If the City Council approves the abatement, the exact amounts and length of the breaks will be determined through the Planned Industrial Expansion Authority, a state-chartered agency whose members are appointed by the Kansas City mayor.
Already, Oxford on the Blue has a long history.
Stowers became involved in 2006, meeting with Kerr and others about a 240-acre plot that they had assembled for a different investor. Stowers bought that property in April 2007 and has since acquired 39 houses on the project’s east side and helped move a city and state transportation facility on the site.
“We’ve spent a little over 10 years working on this project to get to this point,” Bowers said.
Kerr would not say how much Stowers had invested.
For that matter, he doesn’t have an estimated value for the development. It will depend entirely on the size, type and scope of the research and other operations that locate there.
Plans to turn the site into a biotech office park surfaced publicly in early 2009. Stowers called it Oxford on the Blue after spending time in Oxford, England.
Bowers said the project also seeks tax abatement to offset additional costs of preserving the site’s natural setting, including streams, undulating slopes and greenery.
“It is absolutely gorgeous and beautiful,” said Circo, who has hiked the area.
She said the economic promise makes the tax break worthwhile. The land has remained mostly undeveloped and has generated little additional property tax revenue for many years.
“Ten years sounds like a lot,” she said, “but it will be over in a blink.”
Ed Ford, head of planing and zoning, said he sees a lot of support for the project among council members, including himself, though he won’t decide how to vote until the public sessions next month.
“I like everything I know about it,” he said.
Councilman John Sharp, who said he lives closest to the site among council members, said the project will do a lot for south Kansas City economically. And, he said he believes it needs the tax incentive.
Tax push back
Oxford on the Blue may face some push back.
Councilman Johnson has regularly voted against tax incentives for developments outside what he calls Kansas City’s urban core.
He also said that the site wasn’t widely blighted and that its tax incentives should be limited to the extent of blight rather than all future property tax increases.
“I love the project,” Johnson said. “I just don’t love the request for economic development incentives over and above the public good.”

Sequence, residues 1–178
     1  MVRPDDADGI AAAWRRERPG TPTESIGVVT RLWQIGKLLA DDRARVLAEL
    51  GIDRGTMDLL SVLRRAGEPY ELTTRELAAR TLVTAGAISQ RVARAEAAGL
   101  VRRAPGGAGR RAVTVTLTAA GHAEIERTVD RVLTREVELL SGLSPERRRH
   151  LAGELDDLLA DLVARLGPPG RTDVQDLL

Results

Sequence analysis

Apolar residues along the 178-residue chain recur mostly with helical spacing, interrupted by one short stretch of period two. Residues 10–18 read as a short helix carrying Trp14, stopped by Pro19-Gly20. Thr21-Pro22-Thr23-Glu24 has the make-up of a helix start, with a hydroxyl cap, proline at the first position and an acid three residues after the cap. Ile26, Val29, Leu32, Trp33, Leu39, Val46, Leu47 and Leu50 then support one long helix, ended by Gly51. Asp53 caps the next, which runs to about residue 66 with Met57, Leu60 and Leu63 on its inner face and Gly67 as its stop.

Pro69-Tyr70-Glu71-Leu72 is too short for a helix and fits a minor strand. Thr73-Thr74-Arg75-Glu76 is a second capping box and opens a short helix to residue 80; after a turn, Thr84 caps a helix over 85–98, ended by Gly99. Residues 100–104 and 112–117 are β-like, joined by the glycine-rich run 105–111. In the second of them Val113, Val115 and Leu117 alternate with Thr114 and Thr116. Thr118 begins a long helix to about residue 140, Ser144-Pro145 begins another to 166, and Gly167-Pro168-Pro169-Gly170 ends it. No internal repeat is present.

Cerner’s project shades how some view Oxford on the Blue. The North Kansas City-based company plans a $4.2 billion campus that could house 15,000 Cerner employees when completed in 2024.
“We gave away every dime of taxes on that site essentially for 33 years,” Johnson said.
Some of that money would have gone to the Hickman Mills School District. Still, Superintendent Dennis Carpenter supported the Cerner project even as he questioned the cumulative effect of tax breaks in a July letter to tax increment financing officials.
He declined to comment on Oxford on the Blue ahead of a meeting Thursday with its principals.
It also would affect the Raytown and Center school districts.
Allan Markley, superintendent of Raytown, said little of the property is in his district. Still, he sees an opportunity to focus attention on which projects need tax breaks to succeed.
He sees Cerner’s project as the area’s flagship development, unlikely to come to south Kansas City without tax incentives but boosting other projects that follow.
“When you have some big project like that, it’s supposed to spawn development around it,” Markley said. “Does the validity (for tax incentives) exist to the same degree for Stowers’ project ... with Cerner sitting over there?”
Sizing up projects
Oxford on the Blue - 350 acres
Corporate Woods - 293 acres
Sprint Campus - 242 acres
Source: Cassidy Turley
Oxford on the Blue
- proposed biotech office park, with potential for retail and residences
- owned by James E. Stowers III
- flanked by Blue River Glades, Hillcrest Country Club, 87th Street
- access from Interstate 435 and Interstate 71
- plans would retain woodlands, streams and site topography
- seeks up to 25 years of property tax abatement